I will let you down
I will make you hurt
If I could start again
A million miles away
I would keep myself
I would find a way
When I hear that someone famous has died, I receive the news more as a sound bite than as something which moves me. But when I heard that Johnny Cash had died, I grieved, and considered wearing a black armband. The music world had lost a legend, America had lost a great man, and the church had lost a saint.
I am not capable of adequately summarizing Cash’s legacy, but to my mind, at least, it includes a number of lessons we forget to our peril:
The effects of gifts can exceed what we ordinarily expect. “As with many legends in popular music,” Steve Turner writes in The Man Called Cash, “it’s not easy to say exactly what made Cash great. He never became a great guitarist, his voice had a limited range, and his lyrics veered between poetry and doggerel. But the combination of that voice, those words, and that guitar far exceeded the greatness of any one element. He was a presence, a form of energy, a vehicle for truth.”
I wonder why it is so easy to forget how a true gift, faithfully used, can transcend what we would imagine or expect. Perhaps we’re so programmed to equate success with extraordinary things we forget that good can come from simple things. When we love someone enough, for example, to give them the gift of unhurried time. Or what happens when we simply listen to someone, and walk beside them after they have disappointed themselves, and us. We forget that greatness has less to do with the spectacular than it does with compassionately and faithfully using whatever gifts we have, no matter how ordinary they seem to be.
Johnny Cash can be criticized as a musician on all sorts of grounds, but those insights, no matter how learned, are meaningless if they dismiss him. “I think we can have recollections of him,” Bob Dylan says of Cash, “but we can’t define him any more than we can define a fountain of truth, light, and beauty. If we want to know what it means to be mortal, we need look no further than the Man in Black. Blessed with a profound imagination, he used the gift to express all the various lost causes of the human soul. This is a miraculous and humbling thing.”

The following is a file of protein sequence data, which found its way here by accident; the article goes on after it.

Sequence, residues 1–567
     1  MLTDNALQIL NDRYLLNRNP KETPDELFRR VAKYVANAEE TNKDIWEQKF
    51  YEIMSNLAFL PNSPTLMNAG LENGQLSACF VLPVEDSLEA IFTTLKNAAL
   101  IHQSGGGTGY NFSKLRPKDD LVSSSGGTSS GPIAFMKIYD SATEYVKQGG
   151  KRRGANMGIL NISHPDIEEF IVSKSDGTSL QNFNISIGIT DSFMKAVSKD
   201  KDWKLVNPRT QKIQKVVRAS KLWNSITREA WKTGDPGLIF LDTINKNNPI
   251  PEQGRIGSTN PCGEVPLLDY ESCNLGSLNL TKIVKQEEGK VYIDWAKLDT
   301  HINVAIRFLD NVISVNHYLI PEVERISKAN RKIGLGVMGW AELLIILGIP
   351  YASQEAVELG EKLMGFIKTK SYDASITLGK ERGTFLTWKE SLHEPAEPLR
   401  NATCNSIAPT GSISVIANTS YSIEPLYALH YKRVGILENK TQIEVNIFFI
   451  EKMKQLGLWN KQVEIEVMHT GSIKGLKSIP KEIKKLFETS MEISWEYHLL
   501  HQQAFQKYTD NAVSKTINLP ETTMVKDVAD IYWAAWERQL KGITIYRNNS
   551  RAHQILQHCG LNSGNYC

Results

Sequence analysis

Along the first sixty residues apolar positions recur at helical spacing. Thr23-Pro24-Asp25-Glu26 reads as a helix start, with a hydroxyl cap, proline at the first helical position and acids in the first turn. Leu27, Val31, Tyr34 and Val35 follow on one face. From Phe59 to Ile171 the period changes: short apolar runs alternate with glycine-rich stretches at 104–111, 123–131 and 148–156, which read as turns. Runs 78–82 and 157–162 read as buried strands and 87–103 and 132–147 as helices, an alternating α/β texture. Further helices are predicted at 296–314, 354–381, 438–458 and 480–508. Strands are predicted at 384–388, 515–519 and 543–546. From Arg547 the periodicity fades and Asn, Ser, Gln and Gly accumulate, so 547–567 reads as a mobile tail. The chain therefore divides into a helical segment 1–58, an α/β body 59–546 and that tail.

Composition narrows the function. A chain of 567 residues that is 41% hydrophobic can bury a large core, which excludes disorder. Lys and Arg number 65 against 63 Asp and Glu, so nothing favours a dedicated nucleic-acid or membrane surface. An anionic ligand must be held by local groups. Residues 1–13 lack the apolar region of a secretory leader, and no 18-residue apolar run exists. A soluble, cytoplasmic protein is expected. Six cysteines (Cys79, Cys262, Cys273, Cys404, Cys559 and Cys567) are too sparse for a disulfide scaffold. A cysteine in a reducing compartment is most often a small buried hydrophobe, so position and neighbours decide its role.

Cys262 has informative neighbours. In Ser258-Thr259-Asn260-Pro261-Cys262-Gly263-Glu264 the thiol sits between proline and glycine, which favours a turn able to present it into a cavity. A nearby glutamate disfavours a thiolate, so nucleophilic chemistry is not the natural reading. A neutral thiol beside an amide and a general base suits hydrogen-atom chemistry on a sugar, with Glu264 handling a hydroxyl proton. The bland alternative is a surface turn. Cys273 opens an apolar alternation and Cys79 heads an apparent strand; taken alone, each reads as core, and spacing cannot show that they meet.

Authenticity matters. Johnny Cash was simply himself, clay feet and all, and had such a deep confidence in grace that he felt no need to hide. “He wrote of sin, not as it affected other people, but as something with which he’d become intimately acquainted,” Turner notes. “Cash was fond of saying that the only reason he didn’t carry a burden of guilt for his errors was because he figured that, if God had forgiven him, the least he could do was to forgive himself.”
It is true that he was an imposing man physically, but the authenticity with which he lived his life had a far greater impact than his size or famous growl when someone crossed him. Bono recalls a time when he visited the Cash home, and June Carter prepared dinner. They sat down, and Cash asked them all to bow their heads, and then “said the most beautiful, poetic grace.” After saying amen, Cash said to Bono, “Sure miss the drugs, though.” The moment impressed Bono. “He just couldn’t be self-righteous,” Bono says. “I think he was a very godly man, but you had the sense that he had spent his time in the desert. And that just made you like him more.”
Christianity is not made more attractive by being sentimentalized. Nor does a life of faith mean that problems will evaporate, doubts will vanish, and that all our kids will grow up in ways we prefer. Authenticity is attractive because it is real, and because grace is meaningless unless it heals what is truly broken.
Stories are worth hearing. Not many of us will write a biography, and that is as it should be. Every one has a story worth telling, however, if for no other reason than it is only in telling it that we see how it relates to The Story of what God is doing in history.